5 Ways to Help your Mental Health in Isolation

 


 

 

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Now more than ever, looking after your mental health is something to be thinking about. It’s really normal to have the odd wobble, but there are things you can do to help keep those good vibes coming.

Through our partnership with BBC Children in Need and their national programme around children and young people's mental health, A Million and Me, we’ve worked with the experts at Shout – a free UK text service for people in crisis – to bring you five great tips for looking after your mental health during lockdown.

Take the pressure off

When we go through change, there’s often a difference between how we expect things will pan out, and what actually happens.

With many of us spending more time at home, perhaps you thought you’d pick up a new hobby, learn a new language or read a book a week. Don’t worry if you’re yet to do any of those things.

We’re all dealing with a lot of stress during this time and it’s okay if you don’t feel like you’re achieving much right now. Take the pressure off yourself to be doing more. Instead give yourself some credit for how well you’re handling things right now.

Take a break from the news

It’s normal to feel like you’ve lost control during a global pandemic. You might instinctively be searching social media or watching the news for information, to help you try and feel more in control.

Sometimes though, this can be more exhausting than helpful. Try to work out what amount of information helps you feel in control and informed, and what makes you feel overwhelmed and hopeless. Find what amount is most helpful for you, and set yourself a limit.

Have a happy moment

Consider listening to or creating music. A new study from the British Academy of Sound Therapy found that nine minutes of music is all you need to inspire joy. Take that up to 13 minutes and it’s enough to relax you and help shake off sadness. Try putting on some music while doing the hoovering or washing the pots, and notice how different music impacts your mood.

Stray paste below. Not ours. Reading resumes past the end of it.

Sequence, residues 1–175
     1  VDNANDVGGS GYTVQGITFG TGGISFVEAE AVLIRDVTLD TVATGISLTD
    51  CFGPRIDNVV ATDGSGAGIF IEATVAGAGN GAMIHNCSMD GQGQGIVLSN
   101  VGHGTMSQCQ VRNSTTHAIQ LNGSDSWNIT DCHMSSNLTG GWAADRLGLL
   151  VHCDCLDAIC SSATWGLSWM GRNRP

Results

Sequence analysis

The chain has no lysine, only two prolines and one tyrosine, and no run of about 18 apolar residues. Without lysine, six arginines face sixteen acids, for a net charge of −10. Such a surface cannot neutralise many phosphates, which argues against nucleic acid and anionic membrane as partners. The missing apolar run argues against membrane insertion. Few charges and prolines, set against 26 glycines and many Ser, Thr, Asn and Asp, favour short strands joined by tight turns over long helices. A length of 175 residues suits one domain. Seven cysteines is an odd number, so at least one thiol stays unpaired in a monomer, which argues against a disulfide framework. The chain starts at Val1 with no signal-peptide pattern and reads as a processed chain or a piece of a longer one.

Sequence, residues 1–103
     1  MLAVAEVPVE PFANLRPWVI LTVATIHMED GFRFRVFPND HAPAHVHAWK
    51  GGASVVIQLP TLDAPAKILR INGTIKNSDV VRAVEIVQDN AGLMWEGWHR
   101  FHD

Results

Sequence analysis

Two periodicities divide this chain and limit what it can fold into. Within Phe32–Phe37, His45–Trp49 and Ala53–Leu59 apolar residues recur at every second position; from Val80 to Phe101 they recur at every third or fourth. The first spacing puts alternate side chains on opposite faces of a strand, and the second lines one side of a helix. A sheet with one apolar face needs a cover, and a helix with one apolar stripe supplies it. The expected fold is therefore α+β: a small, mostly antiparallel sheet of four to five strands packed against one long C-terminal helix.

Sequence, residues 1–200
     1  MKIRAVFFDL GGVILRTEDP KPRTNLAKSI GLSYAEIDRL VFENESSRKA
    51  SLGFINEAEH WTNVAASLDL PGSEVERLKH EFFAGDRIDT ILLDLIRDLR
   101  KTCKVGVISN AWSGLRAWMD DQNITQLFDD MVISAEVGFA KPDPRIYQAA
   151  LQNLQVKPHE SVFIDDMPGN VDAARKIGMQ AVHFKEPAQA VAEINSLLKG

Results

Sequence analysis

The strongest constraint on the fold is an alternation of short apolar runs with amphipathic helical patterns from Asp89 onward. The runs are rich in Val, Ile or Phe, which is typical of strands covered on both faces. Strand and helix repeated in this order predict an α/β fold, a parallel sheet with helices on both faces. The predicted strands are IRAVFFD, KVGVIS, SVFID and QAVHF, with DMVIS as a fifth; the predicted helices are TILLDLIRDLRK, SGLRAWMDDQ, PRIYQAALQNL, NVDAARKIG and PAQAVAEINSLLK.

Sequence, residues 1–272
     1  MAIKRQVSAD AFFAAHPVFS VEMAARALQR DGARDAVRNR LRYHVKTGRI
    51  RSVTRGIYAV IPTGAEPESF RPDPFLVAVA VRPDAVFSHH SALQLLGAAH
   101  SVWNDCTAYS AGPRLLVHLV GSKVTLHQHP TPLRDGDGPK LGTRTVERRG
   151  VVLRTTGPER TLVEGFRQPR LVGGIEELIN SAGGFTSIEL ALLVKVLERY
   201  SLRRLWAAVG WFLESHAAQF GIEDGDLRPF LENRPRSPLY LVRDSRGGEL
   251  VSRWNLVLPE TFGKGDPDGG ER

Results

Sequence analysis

Move your body

Find yourself flitting from one emotion to another without warning? Exercise can help balance your body and your mind. Try an online workout, or go outside for runs, walks or cycling (don’t forget about social distancing) – you might just enjoy it!

If that doesn’t sound like you, start small – it’ll still do you good. Stretch for five minutes, do five star jumps when you wash your hands, walk around your home, or take two-minute dance breaks during the day. No matter how small, movement can be a real positive for your mental wellbeing.

Do something for someone else

Doing things for others can also have a positive impact on our own mental wellbeing. Volunteering in your community can give you a real feeling of wellbeing and purpose. There are loads of ways you can volunteer online, as well as many things you can do from your own home, so you’re sure to find something to suit you.

If volunteering isn’t for you, you can still give to others. Offer support to friends, family and neighbours through texts, calls, video chatting, and letter writing. It’s amazing how good it feels to do something for someone else.

If you feel a bit blue, grab your phone and reach out to a friend or relative. Chances are, they’ll have felt the same at some point.

If you want to talk to someone anonymously, Shout operates a free 24/7 text service for anyone who’s feeling anxious, worried or stressed. Just text 'CIN' to 85258. We’re all in this together.


SOURCE: Boots

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